We've known for years that the news media is part and parcel of the entertainment industry. What else is new? It thus comes as no big surprise that in this season's House of Cards, CNN's John King and Wolf Blitzer play cameo roles in "covering" President Underwood's continuing shenanigans. Still, my wife and I were surprised to find Gwen Ifill of the PBS Newshour appearing in the show as well.
In a time when the media have come under more attacks than ever, especially given Donald Trump's scandalous contempt for the media, one would think that serious newscasters would have the sense to avoid anything that would put them in a dubious light. Apparently not!
In watching House of Cards, my wife and I speculated on the assumptions that John King, Wolf Blitzer, and Gwen Ifill might have made, both consciously and unconsciously, in agreeing to appear on such a show. (Yes, my wife and I are hooked on House of Cards as much as anyone.) The assumption that most readily comes to mind is that their agents said "appearing on the show is good for your career; it keeps you in the public eye."
One of the most critical assumptions is that appearing on House of Cards will not damage their credibility as "serious newscasters." Another is that viewers will both accept and can separate newscasters when they are playing dramatic roles from their formal roles as real newscasters.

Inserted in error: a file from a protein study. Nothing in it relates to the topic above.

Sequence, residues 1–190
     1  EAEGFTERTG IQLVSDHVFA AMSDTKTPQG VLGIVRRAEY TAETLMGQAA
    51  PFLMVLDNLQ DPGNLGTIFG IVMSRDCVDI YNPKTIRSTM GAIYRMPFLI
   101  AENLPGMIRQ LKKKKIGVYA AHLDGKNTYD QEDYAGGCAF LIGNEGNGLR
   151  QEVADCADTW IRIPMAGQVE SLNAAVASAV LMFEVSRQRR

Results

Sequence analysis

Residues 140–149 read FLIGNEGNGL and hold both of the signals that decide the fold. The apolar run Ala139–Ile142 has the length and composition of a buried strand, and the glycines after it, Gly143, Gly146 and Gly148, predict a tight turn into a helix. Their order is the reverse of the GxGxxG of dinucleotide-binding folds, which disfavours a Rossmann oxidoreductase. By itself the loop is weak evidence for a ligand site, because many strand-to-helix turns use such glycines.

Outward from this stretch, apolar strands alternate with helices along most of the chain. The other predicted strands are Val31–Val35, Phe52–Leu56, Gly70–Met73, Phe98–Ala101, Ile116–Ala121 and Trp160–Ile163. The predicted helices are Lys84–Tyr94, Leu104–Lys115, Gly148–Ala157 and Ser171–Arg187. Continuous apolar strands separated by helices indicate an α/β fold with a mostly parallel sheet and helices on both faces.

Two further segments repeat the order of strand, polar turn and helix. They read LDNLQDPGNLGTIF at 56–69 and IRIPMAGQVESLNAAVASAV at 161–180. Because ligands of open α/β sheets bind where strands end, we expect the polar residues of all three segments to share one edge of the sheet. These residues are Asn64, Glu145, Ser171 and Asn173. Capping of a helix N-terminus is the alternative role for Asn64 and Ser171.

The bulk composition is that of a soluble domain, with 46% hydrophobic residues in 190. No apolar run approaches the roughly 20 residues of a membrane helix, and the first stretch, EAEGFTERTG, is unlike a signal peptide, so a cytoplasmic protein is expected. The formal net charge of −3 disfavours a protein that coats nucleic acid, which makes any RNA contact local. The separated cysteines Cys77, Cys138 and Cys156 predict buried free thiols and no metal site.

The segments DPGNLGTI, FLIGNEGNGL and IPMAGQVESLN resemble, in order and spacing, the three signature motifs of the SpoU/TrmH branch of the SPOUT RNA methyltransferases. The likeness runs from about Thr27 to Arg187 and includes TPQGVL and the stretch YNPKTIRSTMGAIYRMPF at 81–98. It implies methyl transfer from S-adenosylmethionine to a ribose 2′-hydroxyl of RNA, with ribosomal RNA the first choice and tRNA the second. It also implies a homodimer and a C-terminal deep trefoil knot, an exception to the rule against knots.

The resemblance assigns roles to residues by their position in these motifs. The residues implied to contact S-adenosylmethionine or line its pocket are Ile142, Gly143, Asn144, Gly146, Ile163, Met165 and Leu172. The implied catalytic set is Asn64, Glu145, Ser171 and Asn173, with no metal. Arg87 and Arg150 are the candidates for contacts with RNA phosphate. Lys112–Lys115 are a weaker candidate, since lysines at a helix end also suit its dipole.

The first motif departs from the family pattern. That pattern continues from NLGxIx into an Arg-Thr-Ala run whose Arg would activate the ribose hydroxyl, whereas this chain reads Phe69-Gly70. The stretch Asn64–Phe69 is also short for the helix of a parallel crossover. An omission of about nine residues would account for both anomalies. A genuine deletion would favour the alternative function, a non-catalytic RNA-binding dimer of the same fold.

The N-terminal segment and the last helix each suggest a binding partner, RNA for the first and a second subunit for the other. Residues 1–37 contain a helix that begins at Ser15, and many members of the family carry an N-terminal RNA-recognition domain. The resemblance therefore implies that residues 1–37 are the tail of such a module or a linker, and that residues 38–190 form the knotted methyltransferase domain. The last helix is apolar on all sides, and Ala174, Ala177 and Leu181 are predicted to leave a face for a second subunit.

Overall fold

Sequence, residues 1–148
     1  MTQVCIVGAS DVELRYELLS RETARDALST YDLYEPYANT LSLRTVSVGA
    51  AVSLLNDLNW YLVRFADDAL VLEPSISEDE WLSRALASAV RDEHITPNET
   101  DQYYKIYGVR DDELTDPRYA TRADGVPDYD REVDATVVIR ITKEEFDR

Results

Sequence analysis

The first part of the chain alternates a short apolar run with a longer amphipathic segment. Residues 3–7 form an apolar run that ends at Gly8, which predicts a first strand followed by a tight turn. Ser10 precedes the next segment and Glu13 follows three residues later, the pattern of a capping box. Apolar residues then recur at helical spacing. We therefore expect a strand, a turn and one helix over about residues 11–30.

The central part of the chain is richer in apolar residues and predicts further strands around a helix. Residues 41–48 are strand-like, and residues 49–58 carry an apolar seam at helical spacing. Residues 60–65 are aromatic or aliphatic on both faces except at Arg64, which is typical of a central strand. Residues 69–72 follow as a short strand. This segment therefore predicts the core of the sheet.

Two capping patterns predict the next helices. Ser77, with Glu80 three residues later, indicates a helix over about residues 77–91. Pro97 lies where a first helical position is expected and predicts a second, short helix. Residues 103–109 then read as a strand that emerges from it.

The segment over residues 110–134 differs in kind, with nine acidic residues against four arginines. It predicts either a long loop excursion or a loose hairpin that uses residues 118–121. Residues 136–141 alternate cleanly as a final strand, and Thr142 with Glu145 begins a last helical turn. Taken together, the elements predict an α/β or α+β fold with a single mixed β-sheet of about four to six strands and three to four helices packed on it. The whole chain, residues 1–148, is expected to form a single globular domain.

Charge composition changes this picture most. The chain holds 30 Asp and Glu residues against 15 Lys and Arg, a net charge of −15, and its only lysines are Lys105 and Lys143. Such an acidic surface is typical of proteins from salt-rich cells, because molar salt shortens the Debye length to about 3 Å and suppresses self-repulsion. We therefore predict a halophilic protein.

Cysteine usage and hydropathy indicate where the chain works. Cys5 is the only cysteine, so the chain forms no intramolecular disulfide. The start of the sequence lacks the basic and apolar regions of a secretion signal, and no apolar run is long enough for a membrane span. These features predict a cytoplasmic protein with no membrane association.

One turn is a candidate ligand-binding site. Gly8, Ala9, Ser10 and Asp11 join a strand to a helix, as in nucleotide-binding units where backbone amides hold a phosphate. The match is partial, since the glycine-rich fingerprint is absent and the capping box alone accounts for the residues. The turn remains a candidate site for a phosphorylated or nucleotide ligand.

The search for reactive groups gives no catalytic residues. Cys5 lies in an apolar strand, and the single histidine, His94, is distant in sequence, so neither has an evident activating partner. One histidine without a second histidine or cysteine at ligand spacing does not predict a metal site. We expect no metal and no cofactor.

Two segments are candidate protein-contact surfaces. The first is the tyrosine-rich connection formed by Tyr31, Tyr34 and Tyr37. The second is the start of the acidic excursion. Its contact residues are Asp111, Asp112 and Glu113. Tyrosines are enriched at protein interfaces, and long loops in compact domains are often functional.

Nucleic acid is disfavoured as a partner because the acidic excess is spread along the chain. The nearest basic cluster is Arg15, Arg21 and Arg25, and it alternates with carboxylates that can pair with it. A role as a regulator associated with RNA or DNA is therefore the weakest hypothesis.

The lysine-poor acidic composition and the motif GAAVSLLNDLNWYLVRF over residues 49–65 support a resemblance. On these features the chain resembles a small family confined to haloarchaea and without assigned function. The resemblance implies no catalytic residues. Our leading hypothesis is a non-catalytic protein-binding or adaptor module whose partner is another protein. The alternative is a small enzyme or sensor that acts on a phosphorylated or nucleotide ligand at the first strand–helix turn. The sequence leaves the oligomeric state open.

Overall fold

But did they ever consider what if any of the assumptions were false? I doubt it, or at least not seriously enough to prevent them from taking such an "assignment."
As someone who has worked in the field of crisis management for over 30 years, one of the surest ways that individuals, organizations, and whole societies get into crises is by not raising up to the surface and challenging critical, taken-for-granted assumptions.
Yes, we will continue to watch CNN and the PBS Newshour, but with much more cynicism. In times when all established institutions are under attack, we and they need to do more to support them, not work against them.